Thread DetailsLast Edited by thestreetlight October 6, 2016 at 06:59 PM
Paris, 1910. Panic sweeps the city as floodwaters rise and a monster is on the loose!
Meanwhile a wacky inventor, his camera-crazy best friend, and a madcap monkey are on a mission to protect the beast, Franc, as he holds a rare and special talent. With the help of the beautiful but feisty singer Lucille, the team harbors the monster to keep him from the ghastly wannabe Mayor, Commissioner Maynott, who has a plan to capture Franc and reveal him to be nothing more than a monstrous danger to the people of Paris.
From Bibo Bergeron, the director of Shark Tale, and starring Adam Goldberg, Jay Harrington, Bob Balaban, Sean Lennon, Vanessa Paradis, Danny Huston and Catherine O'Hara, A Monster In Paris is presented in stunning 3D for a spectacularly fun experience for the whole family.
The CGI/3-D animated film A Monster in Paris is a charming but slight musical comedy-adventure from France enlivened by an offbeat premise, some lovely songs, and an impressive visual style. A critical hit, if not a box-office champion in its native country, the film, directed by veteran animator Bibo Bergeron (Shark Tale), has been redubbed for English-speaking audiences by a capable cast of American actors, though the speaking and singing voice of Vanessa Paradis has been ported over from the original French version. Set in a romanticized Paris circa 1910, Monster follows a pair of hapless heroes (voiced by Jay Harrington and Adam Goldberg) who accidentally transform a common house flea into a 7-foot-tall, anthropoid being with a marvelous singing voice (provided by Sean Lennon in the English dub). With the help of cabaret singer Lucille (Paradis), the creature develops a following as a nightclub performer (!) while avoiding the machinations of the local police commissioner (Danny Huston).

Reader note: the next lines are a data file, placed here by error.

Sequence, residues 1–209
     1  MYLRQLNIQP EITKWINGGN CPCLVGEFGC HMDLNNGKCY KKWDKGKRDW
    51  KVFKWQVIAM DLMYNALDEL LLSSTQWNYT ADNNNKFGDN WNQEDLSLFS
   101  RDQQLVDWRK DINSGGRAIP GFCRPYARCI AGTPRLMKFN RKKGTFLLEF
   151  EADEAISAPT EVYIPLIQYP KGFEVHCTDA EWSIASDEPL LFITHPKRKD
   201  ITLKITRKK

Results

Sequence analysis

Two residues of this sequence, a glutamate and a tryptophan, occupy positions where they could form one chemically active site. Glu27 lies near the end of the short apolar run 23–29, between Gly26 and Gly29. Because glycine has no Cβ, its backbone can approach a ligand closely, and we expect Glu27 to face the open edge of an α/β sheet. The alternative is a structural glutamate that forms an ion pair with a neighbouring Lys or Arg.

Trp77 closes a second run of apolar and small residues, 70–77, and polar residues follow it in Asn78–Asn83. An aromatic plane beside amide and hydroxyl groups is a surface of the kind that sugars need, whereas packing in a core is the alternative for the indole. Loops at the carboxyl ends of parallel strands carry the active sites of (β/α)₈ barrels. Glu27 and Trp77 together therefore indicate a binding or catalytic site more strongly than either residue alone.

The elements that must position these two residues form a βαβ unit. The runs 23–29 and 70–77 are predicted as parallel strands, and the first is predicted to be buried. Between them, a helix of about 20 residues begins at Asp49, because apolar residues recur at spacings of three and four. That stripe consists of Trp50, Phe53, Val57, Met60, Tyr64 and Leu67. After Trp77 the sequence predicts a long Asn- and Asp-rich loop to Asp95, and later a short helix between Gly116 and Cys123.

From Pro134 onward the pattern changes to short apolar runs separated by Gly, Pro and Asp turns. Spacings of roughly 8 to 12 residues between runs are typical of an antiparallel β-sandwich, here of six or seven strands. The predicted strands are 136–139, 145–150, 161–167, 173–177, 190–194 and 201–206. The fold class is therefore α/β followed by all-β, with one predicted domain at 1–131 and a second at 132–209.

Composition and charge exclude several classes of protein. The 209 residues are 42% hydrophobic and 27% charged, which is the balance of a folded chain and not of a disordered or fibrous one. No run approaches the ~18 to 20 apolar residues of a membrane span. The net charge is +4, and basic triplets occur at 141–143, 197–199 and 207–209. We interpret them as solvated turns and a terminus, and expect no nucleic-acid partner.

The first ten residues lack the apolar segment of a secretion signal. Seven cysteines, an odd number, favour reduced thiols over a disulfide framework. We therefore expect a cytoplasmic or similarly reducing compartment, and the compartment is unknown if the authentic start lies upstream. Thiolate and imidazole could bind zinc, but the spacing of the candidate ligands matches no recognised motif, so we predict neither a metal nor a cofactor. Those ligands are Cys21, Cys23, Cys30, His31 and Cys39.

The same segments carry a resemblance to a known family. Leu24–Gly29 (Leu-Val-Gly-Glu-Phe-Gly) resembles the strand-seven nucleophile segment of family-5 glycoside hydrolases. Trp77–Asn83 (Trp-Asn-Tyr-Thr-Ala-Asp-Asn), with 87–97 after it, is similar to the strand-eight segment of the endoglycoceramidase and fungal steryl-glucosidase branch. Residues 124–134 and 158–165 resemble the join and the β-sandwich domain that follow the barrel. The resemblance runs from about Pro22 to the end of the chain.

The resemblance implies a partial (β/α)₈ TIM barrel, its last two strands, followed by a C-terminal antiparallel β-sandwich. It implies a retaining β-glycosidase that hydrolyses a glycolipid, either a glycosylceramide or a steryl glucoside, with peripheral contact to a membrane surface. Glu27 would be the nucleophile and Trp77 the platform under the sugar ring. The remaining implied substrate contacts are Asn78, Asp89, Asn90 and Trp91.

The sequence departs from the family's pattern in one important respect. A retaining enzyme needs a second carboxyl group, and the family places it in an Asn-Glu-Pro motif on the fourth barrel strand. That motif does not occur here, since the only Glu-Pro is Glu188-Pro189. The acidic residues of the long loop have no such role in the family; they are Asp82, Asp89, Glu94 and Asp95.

The unusual subject matter, combined with a slower pace and less technically extravagant animation than most stateside animated efforts, might be a stumbling block for younger viewers (though the concluding chase, which culminates at the top of the Eiffel Tower, injects an agreeable amount of thrills). But Monster is also less frantic and in-your-face than its American cousins, which may come as a great relief to some parents; they will likely also appreciate the gentler tone, wistful musical numbers (penned by French singer/songwriter Matthieu Chedid, a.k.a. –M-, who also provided the monster's singing voice in the original Gallic version), and amusing turns by Goldberg and Harrington. The 3-D presentation on the Blu-ray is also decidedly mellow, focusing more on depth of field than things bursting from the screen. Unfortunately, extras are limited to an English-language trailer. --Paul Gaita